361 words (1 pages)
- The Aztec Nation A distant sound is heard. It sounds like a deep drum being hit with a heavy instrument. You hear it again and strain your eyes in the direction of the sound. All around you is dense jungle. Snakes slither between your legs. You hear the sound once again. In front of you is a dense stand of ferns. You part them and look down into a wide open valley. The valley gets so wide and it is so green that it takes your breath away. But that is not what you are looking at. You are staring at a huge city with glittering buildings shining in the spring sunlight.... [tags: essays research papers]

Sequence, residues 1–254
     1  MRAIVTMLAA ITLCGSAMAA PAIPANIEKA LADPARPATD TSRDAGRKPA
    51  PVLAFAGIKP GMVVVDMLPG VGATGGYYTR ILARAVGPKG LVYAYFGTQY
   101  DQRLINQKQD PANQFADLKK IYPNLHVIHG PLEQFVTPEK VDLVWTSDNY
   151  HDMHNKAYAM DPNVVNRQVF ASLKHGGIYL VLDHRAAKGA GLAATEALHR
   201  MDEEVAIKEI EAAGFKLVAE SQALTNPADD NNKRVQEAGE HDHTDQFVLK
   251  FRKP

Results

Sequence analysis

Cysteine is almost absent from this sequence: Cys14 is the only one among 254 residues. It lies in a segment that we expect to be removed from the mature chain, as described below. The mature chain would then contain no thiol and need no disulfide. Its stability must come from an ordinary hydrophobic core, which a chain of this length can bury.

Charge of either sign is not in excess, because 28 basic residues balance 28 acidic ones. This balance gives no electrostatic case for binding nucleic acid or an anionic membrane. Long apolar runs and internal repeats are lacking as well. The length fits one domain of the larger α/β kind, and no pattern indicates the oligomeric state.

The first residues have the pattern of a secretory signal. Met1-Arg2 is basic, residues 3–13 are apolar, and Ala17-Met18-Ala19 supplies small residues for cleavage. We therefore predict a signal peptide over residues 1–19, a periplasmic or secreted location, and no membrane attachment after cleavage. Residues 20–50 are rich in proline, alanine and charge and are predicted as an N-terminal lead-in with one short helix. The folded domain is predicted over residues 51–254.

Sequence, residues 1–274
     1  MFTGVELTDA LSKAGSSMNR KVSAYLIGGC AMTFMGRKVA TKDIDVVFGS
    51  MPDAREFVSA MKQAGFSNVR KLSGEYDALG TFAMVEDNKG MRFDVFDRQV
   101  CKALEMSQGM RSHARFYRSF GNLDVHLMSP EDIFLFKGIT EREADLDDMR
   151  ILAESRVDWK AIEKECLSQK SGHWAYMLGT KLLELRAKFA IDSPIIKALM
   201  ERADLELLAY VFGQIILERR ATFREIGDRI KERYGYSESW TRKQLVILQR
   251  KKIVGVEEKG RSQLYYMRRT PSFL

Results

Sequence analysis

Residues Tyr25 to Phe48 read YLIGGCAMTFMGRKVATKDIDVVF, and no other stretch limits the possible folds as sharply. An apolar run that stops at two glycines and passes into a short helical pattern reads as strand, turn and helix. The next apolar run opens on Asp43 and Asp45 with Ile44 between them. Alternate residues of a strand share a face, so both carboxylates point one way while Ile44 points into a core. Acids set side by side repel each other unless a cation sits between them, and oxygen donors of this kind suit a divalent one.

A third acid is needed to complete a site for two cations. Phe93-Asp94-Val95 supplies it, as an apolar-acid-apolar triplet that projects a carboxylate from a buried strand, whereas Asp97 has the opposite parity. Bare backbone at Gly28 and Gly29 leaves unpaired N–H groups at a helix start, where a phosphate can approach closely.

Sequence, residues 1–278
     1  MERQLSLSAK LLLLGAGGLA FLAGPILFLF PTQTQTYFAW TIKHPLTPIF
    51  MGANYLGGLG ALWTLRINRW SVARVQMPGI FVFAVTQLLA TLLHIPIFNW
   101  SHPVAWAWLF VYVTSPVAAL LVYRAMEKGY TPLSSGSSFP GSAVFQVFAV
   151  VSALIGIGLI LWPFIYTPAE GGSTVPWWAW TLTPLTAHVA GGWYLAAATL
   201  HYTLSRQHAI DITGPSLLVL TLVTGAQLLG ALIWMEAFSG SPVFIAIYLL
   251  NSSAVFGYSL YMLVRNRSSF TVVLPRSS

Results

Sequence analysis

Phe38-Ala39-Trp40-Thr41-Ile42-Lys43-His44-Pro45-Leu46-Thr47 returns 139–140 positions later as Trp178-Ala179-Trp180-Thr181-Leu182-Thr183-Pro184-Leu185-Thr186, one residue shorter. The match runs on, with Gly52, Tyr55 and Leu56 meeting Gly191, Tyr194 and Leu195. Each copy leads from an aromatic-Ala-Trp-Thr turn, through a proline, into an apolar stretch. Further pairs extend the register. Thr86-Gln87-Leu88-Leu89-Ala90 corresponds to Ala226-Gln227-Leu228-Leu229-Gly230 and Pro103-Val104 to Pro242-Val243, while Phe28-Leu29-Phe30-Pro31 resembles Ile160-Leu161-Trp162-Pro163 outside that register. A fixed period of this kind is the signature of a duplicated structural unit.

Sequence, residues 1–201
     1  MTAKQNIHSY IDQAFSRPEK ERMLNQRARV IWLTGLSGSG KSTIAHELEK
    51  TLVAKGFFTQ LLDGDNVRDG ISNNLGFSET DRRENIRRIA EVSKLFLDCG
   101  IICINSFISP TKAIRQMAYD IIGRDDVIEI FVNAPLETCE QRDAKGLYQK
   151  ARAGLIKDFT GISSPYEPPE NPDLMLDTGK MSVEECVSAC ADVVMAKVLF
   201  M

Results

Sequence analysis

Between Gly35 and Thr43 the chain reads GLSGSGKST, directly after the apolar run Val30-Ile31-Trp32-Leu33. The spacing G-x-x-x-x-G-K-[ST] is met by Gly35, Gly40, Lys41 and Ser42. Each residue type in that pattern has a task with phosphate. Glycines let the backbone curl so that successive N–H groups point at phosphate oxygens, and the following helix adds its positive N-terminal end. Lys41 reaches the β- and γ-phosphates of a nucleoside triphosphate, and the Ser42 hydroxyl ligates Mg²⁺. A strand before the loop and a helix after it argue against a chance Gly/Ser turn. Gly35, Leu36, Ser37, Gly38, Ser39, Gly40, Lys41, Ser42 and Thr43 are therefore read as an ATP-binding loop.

5935 words (17 pages)
World-renowned writer John Updike is known for his creative writing. He was raised in Shillington, Pennsylvania. He graduated as the co-valedictorian and the president of his class. His mother was a writer and his father was a teacher. He attended Harvard University where he received a Bachelor of Arts degree. He also studied drawing for a year at Oxford. On April 1st, 1955, his daughter Elizabeth was born. After returning from England, Updike got a job working for The New Yorker magazine as a reporter for the “Talk of the Town” articles. Soon after, he started creating essays, fiction and poetry that led to the prominent artist he is today.